Kennedy Center gala honors best in arts
WASHINGTON - AFP
The posh annual awards program, a rare night of red-carpet glamor in the U.S. capital, now in its 41st year, honored an eclectic class of artists: actress and pop superstar Cher, radical composer Philip Glass, country singer Reba McEntire and jazz saxophonist Wayne Shorter.
Show host Gloria Estefan, a member of last year's class of honorees, opened the festivities with a somber tribute to Bush, who died over the weekend at age 94.
"I think it's appropriate to recognize the passing of a wonderful man who dedicated his life to service and who graciously attended this event many times during his administration, laughing, applauding, singing along and even shedding a tear from right up there in the presidential box," said the pop diva.
The president traditionally sits next to the honorees, but last month, Melania Trump's spokeswoman said the first lady and husband President Donald Trump, who is despised by many top cultural and entertainment figures, would once again skip the star-studded show.
Last year, they opted out after several honorees said they would boycott the event in protest at Trump's policies.
Pop queen and fashion icon Cher, a vociferous critic of the Republican president, welcomed Trump's second consecutive no-show.
Asked what she would have said to the president, the 72-year-old, sporting an off-the-shoulder black lace gown and multi-belt waist cincher, laughed and said simply: "Go away." For Kennedy Center president Deborah Rutter, the decision to honor "Hamilton," the story of Alexander Hamilton and America's other founding fathers, set to show tunes and rap anthems, was a no-brainer.
"It really felt like we shouldn't wait to acknowledge that this work has transformed how we think about art," Rutter said of the Pulitzer Prize-winning box-office smash that opened in New York in 2015.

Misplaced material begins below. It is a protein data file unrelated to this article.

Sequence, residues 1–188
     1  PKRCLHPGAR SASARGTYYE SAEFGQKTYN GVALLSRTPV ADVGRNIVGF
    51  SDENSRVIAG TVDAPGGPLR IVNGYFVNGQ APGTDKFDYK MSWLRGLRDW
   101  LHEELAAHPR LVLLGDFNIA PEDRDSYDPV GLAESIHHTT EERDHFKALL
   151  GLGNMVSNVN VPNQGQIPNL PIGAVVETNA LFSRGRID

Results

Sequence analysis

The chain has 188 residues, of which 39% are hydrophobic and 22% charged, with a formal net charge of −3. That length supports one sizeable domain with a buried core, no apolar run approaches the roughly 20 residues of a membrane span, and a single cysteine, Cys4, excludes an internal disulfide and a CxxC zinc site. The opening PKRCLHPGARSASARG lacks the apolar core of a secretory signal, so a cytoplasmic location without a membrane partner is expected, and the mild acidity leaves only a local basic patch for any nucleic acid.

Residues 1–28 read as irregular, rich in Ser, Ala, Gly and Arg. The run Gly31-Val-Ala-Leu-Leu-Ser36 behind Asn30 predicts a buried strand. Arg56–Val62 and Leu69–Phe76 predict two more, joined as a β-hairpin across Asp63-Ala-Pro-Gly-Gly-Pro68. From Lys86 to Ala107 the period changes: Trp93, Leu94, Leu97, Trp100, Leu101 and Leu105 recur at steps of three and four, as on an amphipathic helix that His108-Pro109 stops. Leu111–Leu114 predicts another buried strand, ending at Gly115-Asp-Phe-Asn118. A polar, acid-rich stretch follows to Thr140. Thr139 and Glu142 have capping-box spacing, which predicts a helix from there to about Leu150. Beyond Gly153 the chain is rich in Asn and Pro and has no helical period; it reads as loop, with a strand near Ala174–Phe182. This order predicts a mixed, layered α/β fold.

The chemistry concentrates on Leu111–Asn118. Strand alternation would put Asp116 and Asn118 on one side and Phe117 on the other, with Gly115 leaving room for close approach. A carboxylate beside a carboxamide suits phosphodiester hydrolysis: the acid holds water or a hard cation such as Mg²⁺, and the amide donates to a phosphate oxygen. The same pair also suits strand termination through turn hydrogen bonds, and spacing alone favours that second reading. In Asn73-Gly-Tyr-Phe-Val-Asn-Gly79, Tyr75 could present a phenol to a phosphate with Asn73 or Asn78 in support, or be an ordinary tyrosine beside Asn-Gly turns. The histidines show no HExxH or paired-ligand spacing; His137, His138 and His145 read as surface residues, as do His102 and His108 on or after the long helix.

"We should really note that this is a pivotal moment in the world of our performing arts."
Lin-Manuel Miranda, the composer and lyricist behind the groundbreaking musical, performed several numbers himself along with members of the show's original cast.
"It's an acknowledgment that musicals don't happen alone," said Miranda, who received the honor alongside the show's director Thomas Kail, choreographer Andy Blankenbuehler and music director Alex Lacamoire.
The awards gala, to be broadcast on Dec. 26 on CBS, also featured performances from "American Idol" winner Kelly Clarkson, jazz prodigy Esperanza Spalding and mercurial pop pioneer Cyndi Lauper.
Comedian Whoopi Goldberg showed up to honor Cher, and Paul Simon delivered a tribute to Glass.
Shorter, who was in Miles Davis' quintet more than 50 years ago, was honored for his compositions and leading role in the creation of the jazz fusion genre as co-founder of the band Weather Report.
During his lengthy career, Shorter collaborated with music industry greats across genres, from Joni Mitchell to Carlos Santana and Steely Dan.
"My gratitude can be described like this: I'm very happy that many of you have reached across the aisle for something called 'jazz'," the 85-year-old said at a pre-gala State Department dinner Dec. 1.
McEntire, one of country music's household names, beamed as she strode the red carpet in a royal blue dress that made her signature red hair pop.
"Meryl told me once, 'You do things for the art, and if the award comes it's a bonus'," the Oscar, Emmy and Grammy winner said, referring to acting legend Meryl Streep.
"I never thought I was the right person to win this award -- because I'm a little bit out there."
Glass, who at 81 is one of the greatest living composers known for his prolific output and wide-ranging approach to classical music, said he was simply "excited to be on stage with these other people."
"The production of art in this country is astonishing," said Glass, whose Symphony No. 12 based on David Bowie's album "Lodger" will see its premiere in January at the Los Angeles Philharmonic.
"The arts are the face of America," he continued.
"It's how Americans know who we are and it's how people in other parts of the world know who we are."